Does Your Process Get Stains Out?

One of the questions we get asked most often is whether or not our process removes stains. The best answer to this question is "yes," and…. "No."

Before we talk about getting stains out, we have to define what a stain is. For most of us, a stain is anything on the carpet that doesn't look like the rest of it. It can be anything from a bad traffic pattern to a soda spill, or even worse, bleach or kool-aid.

In reality, a stain is defined as "a foreign material (solid, liquids, etc.) that cannot be removed by standard cleaning methods." (A Comprehensive Guide to Oriental and Specialty Rug Cleaning, Amirkhan & GroseClose, Dallas: Master Rug Cleaner, 2008). A spot, however is defined as something that can be removed by standard cleaning methods. What is the difference? Simply put, if we go over it with our normal cleaning system and it comes out, then it is a spot. If it doesn't, it's a stain.

When we, as professional carpet cleaners, come in and see your carpet, we look for spots, but more important to us is finding the stains. Sometimes, the spot is just a symptom of the deeper, and more difficult to remove, stain. We will look for the cause of the spot, which usually shows up as a dark, for lack of a better word, spot, on your carpet. Spots are often found in groups, where there might be several spots clustered together, and look like something was spilled.

Does Your Process Get Stains Out?
Spots are defined as something will come out with a normal clean

Spots may take weeks to appear- they are often caused by something that was spilled, dropped, or tracked in on someone's feet, such as food, soda, or oil. Over time, dust is attracted to the area, and the spot is born. In an attempt to clean the spot up ourselves, we may use some form of spot remover, and while the spot comes out, there is a residue that is left behind. This soap residue will then continue to attract dirt, and the spot comes back, often with a vengeance. A vicious cycle is born, and not only do we have a spot, we now have a stain on the carpet. Remember, a stain is anything that is hard to get out. The more soap is added, the harder the stain can be to get out.

Another common stain is acid dye stains. The dyes, often red, that are found in fruit drinks contain the same dyes that are used to dye the carpet in the first place. Depending on the type of carpet (6 Nylon is the most susceptible to this type of staining), the dyes may become part of the carpet, literally re-coloring the carpet. This, too, is a stain. We often can remove these stains, but they do require extra treatments and labor.Bleach spots

Does Your Process Get Stains Out?Bleach spots are another type of stain that is sometimes correctable, but involves re-dying the damaged areas. In cases where re-dying is not possible (the dye sites on the fiber are damaged beyond repair) patching the area may be the only option.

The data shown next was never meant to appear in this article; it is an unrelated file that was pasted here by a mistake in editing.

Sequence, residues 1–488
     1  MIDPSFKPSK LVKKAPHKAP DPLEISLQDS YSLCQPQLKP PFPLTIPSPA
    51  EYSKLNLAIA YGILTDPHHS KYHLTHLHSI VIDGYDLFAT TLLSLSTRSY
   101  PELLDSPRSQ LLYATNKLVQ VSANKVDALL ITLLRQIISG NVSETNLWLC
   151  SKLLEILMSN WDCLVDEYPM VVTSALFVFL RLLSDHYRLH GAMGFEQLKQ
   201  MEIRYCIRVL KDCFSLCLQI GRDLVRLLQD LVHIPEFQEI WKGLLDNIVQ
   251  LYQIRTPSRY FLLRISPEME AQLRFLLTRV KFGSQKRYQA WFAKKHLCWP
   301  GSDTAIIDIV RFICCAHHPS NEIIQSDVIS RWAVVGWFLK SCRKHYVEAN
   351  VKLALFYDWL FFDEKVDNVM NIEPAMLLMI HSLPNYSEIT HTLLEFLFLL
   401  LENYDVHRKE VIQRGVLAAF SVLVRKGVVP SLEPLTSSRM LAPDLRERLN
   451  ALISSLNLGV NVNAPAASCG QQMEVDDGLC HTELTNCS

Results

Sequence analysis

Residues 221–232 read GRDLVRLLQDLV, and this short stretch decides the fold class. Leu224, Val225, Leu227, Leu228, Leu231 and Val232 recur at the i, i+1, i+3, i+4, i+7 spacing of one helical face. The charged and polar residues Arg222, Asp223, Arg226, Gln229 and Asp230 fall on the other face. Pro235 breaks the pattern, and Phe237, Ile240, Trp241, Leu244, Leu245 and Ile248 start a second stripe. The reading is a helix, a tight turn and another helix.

Does Your Process Get Stains Out?Urine can also be a big problem, even if you're pooch is small and cute! Urine can not only be a problem on the surface of the carpet, but can go down to the backing and into the pad of the carpet. The only way to effectively remove a urine spot is to flush the pee out completely, or to remove the pad. We have a very effective way of removing these stains, by first replicating the urine stain with our Zr™ Water. After letting the stain soak for a little, we will proceed to extract the urine out of the carpet. It is possible for urine to permanently stain the carpet, literally bleaching it to a yellow color, even though all of the pee itself has been removed.

Traffic patterns could also be considered a spot and a stain. Dirt and oils combine in heavy trafficked areas on the carpet to create a dark path where we walk the most. While it is possible to get the dirt and the oil out, this soiling can also cause permanent damage to the fibers, and the carpet will still "appear" to be soiled, even after thorough cleaning. This is due to scratches on the carpet fibers themselves, they are plastic after all, flattening of fibers, and loss of fiber. This dulling effect will look dirty, even though it is cleaned. Imagine your sunglasses after a couple of months, and even though they might be clean, those scratches on the lenses can sure make them look bad.

The best defense against any kind of stain is proper care of your carpet- make sure you have them professionally cleaned regularly, and that you have the fiber protector reapplied regularly. These two steps, along with regular vacuuming, will help your carpet stay looking fantastic longer. If spills do happen, it's best to use plain water to try and clean them up, as much as possible. Using a shop vac to help extract as much as possible is best. If water doesn't seem to get the stain out, try our Zr™ Water, which you can purchase from our technicians or on our online Cleaning Store. If that doesn't seem to be enough, we have our proprietary Zerorez® Spot Remover. And if that doesn't work, give us a call, and we'll be happy to help you out!


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